September 28, 2022

The human mind has a specific talent for extrapolation.  That is, it has the propensity to project current events and technologies along a straight timeline with a constant slope into the future, predicting what the future will look like, and when it will occur.

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Unfortunately, this talent is frequently vastly inaccurate.  History and human events rarely follow a straight line.  Some technological advancements occur on an exponential or geometric curve, while others flatline.

In the 1960’s, it was widely predicted that we would all be flying around in jetpacks and flying cars like the Jetsons by 1980. 

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The 1968 movie 2001: A Space Odyssey had us flying to Jupiter by 2001 in an advanced spacecraft controlled by an AI computer.

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On the other hand, the original Star Trek (1965 – 1969) , while taking place in the 23rd century had them using crude flip-phone communicators.  The transporter beams were pretty cool, though.  Who knows if we could ever get that technology to work?

The point is that humans continually overestimate the ability of technology to meet their inflated expectations.  This is especially true when politics is part of the mix.

I have personally experienced this phenomenon many times in my line of work.  I was involved with teams of businesspeople attempting to design advanced electronic business systems over the past forty years.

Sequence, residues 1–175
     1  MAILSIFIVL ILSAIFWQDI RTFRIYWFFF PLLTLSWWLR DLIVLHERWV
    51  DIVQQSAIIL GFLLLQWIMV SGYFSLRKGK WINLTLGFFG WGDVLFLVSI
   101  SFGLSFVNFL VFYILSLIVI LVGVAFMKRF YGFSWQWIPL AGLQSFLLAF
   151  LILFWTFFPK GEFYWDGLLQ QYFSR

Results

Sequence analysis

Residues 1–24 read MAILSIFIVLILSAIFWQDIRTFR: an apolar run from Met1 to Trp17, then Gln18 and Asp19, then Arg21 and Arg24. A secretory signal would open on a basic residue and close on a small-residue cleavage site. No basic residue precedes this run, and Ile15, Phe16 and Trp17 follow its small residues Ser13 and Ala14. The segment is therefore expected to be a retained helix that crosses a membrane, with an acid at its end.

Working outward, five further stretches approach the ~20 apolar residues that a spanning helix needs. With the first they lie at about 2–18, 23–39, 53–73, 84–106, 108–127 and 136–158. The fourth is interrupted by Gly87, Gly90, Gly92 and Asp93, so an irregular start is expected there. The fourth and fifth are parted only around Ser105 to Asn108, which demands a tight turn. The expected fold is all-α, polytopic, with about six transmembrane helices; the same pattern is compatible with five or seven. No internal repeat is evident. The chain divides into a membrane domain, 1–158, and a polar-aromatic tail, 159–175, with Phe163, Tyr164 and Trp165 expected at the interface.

Over and over, the same scenarios emerged.  Each team member would throw up a fantasy wish-list of impossible system operations and objectives until my head spun.  No one could be dissuaded that their desires were not feasible with the current state of technology.  The consultants and business system development companies would inevitably take the money and run, leaving us with products that were substandard or nonexistent.

I was a member of senior management in a division of a global corporation in the early 1980’s.  Our division had a great reputation for designing and building complex electronic medical devices.  One day, we were visited by several senior scientists from corporate headquarters.  They wanted to know if a new product they desired was feasible.

They showed us a wooden model of a small wearable insulin pump with painted-on displays and buttons.  It had tiny removable wooden memory cards that plugged into it.  Today, these micro cards are common.  Back then, Atari game cartridges were the smallest data chips available.  They told us a development company said they could design the product and put it into production in six months.